With our beautiful summer weather, your child is probably excited to get outdoors to play and swim, especially now that most schools are out for the summer. But as a parent, you want to make sure they’re enjoying the weather in a safe and healthy way. One of the most important factors to keep in mind is sun protection. Everyone knows that sunscreen can protect children and adults alike from sunburns, skin cancer, and other issues caused by too much sun exposure—but only if it’s used correctly. That’s why our board-certified pediatricians and other providers at Children’s Wellness Center have put together a collection of sunscreen tips for parents.
- Babies under the age of six months have very sensitive skin, so they should truly be kept out of direct sunlight. However, if you know they will be getting some sun exposure, use sunscreen on any exposed areas of their skin.
- When you’re selecting a sunscreen for your family, use these guidelines:
- Find a sunscreen that protects against both UVA and UVB rays (often labeled as “broad-spectrum”).
- Choose a product with a sun protection factor (SPF) of 15 or above. Studies have shown that it is not necessary to use a sunscreen with an SPF higher than 30.
- Look for a sunscreen that is labeled as “water resistant.”
- For areas that are particularly sensitive to sunburns on a child like the nose, tops of the ears, and shoulders, use a sunscreen that includes zinc oxide or titanium oxide.
- Apply sunscreen about 30 minutes before your child goes outside, to give the product the time it needs to absorb into the skin and become effective.
- Use sunscreen every day before your child goes outside, regardless of the weather. As many as 80% of the sun’s rays can still get through clouds, even in the winter.
- While it’s best to use a “water resistant” sunscreen, any sunscreen needs to be re-applied every 40-80 minutes (depending on the specific product), as well as after your child has been swimming or sweating.
- Don’t assume sunscreen is your only defense against the sun. For true protection, combine proper sunscreen use with other summer child safety measures, such as these:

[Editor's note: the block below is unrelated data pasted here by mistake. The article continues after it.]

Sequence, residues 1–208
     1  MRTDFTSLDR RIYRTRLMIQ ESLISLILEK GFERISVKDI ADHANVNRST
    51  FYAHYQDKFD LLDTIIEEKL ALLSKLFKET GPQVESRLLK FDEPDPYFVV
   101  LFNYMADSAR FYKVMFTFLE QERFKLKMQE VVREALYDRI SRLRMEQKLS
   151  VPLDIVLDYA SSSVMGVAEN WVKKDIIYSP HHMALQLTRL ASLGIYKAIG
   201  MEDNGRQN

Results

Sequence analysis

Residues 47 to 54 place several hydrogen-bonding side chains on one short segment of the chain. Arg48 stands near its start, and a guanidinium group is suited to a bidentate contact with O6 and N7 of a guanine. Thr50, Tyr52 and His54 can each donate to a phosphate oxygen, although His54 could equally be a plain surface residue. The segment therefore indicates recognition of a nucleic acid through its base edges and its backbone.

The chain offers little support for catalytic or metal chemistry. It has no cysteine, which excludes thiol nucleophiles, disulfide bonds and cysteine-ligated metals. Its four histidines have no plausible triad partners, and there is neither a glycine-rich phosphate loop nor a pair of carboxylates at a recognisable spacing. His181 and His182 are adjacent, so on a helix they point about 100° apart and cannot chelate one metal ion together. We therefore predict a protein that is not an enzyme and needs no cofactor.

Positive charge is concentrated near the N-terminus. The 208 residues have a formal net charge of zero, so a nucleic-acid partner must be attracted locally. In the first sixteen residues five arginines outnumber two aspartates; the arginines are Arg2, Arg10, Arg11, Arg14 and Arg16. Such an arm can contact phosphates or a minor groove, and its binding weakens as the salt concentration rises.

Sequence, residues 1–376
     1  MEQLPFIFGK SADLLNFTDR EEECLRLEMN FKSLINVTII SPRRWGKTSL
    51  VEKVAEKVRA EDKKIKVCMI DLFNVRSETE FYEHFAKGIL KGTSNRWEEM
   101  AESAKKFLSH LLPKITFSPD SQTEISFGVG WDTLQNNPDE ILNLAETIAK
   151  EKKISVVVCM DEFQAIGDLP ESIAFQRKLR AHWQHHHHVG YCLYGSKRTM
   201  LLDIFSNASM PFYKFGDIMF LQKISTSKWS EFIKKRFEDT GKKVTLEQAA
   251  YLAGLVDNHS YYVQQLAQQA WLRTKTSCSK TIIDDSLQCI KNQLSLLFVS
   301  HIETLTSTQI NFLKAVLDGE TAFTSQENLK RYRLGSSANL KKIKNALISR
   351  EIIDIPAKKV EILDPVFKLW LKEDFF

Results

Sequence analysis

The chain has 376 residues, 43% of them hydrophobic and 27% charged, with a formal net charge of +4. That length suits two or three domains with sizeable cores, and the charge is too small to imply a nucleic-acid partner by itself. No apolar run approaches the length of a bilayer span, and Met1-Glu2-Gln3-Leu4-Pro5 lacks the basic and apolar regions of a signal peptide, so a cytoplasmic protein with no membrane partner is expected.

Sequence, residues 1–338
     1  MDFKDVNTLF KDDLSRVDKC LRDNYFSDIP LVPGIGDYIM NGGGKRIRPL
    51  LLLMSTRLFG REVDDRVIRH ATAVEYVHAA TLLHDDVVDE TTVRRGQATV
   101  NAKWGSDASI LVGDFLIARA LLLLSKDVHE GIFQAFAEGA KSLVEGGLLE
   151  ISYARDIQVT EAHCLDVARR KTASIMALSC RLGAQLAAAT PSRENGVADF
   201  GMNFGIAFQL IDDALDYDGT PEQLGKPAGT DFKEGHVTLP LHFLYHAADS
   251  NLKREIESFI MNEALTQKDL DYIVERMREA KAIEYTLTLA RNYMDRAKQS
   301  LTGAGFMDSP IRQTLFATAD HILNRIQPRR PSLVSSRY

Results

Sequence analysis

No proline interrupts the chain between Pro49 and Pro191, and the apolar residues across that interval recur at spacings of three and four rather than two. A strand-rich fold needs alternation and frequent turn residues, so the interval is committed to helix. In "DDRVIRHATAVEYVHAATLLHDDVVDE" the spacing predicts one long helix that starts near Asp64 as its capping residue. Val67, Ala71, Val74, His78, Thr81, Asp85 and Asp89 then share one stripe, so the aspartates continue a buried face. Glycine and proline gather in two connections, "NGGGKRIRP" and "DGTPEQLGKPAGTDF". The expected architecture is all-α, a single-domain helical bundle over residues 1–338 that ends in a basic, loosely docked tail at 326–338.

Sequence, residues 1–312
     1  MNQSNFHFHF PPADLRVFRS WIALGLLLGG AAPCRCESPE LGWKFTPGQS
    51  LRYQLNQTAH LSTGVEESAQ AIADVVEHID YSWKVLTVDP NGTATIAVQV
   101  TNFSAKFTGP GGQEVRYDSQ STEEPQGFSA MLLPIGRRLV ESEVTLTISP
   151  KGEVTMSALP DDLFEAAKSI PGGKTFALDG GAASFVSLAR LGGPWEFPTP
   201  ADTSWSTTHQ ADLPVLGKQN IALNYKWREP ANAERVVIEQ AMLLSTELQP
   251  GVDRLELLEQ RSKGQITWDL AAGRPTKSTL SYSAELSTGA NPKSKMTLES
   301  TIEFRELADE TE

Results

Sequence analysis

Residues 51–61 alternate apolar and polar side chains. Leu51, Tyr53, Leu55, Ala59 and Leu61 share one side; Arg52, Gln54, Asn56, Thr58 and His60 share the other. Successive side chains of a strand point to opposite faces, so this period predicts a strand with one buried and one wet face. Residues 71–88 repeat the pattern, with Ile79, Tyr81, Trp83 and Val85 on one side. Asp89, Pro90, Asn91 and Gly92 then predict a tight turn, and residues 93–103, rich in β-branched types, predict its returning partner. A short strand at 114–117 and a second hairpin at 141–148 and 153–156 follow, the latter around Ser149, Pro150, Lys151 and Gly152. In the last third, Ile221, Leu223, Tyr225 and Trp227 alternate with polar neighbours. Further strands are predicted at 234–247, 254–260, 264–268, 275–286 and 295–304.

- Keep as much of your child’s skin covered as possible in lightweight yet tightly woven clothing.
- Look for clothing that is labeled with an Ultraviolet Protection Factor (UPF) of 15 or higher.
- Have your child wear a hat with a three-inch-wide brim to shade the face, ears, and back of the neck.
- Try to avoid taking your child outside between 10am and 4pm—the hours when the sun is at its strongest.
- Have your child wear sunglasses that provide at least 99% UV protection.
- Before you start using a new sunscreen for your child, put a little bit on a “test spot” of his or her skin to see if the skin becomes irritated. If so, try a different sunscreen. You may want to choose a hypoallergenic product like those offered by Neutrogena or Aveeno, especially if your child has sensitive skin or pediatric allergies.
- Remember to protect your child’s lips, too, by using a lip balm that contains sunscreen of SPF 30 or higher.
- There have been claims about toxic chemicals in sunscreen being absorbed through the skin. While you don’t want your child to ingest sunscreen, there have been no proven problems from proper sunscreen use, and yet the benefits of using sunscreen have been proven time and time again, so don’t shy away from sunscreen as long as you use it correctly.
- It’s not a good idea to use a product that combines sunscreen with insect repellant for children. Sunscreen should be re-applied frequently, while insect repellant must be used sparingly for children, so to avoid getting too little sun protection or too much insect repellant, purchase these two products separately.
- Remember to check the expiration date on your sunscreen bottle before using it, and if you notice any clear changes to the consistency or color of the sunscreen, it’s time to replace it.
Parenting is all about finding balance. Too much sun exposure is harmful, but so is keeping your child indoors and away from the fun and refreshing exercise he or she can get outside. That’s why knowing how to properly use sunscreen is such a powerful tool—it lets your family enjoy the many benefits that the great outdoors have to offer while dramatically cutting down on the risks. If you have questions about your sunscreen use, contact Children’s Wellness Center for guidance. Or, for more child safety tips and health tips, follow us on Facebook, Twitter, and Google+.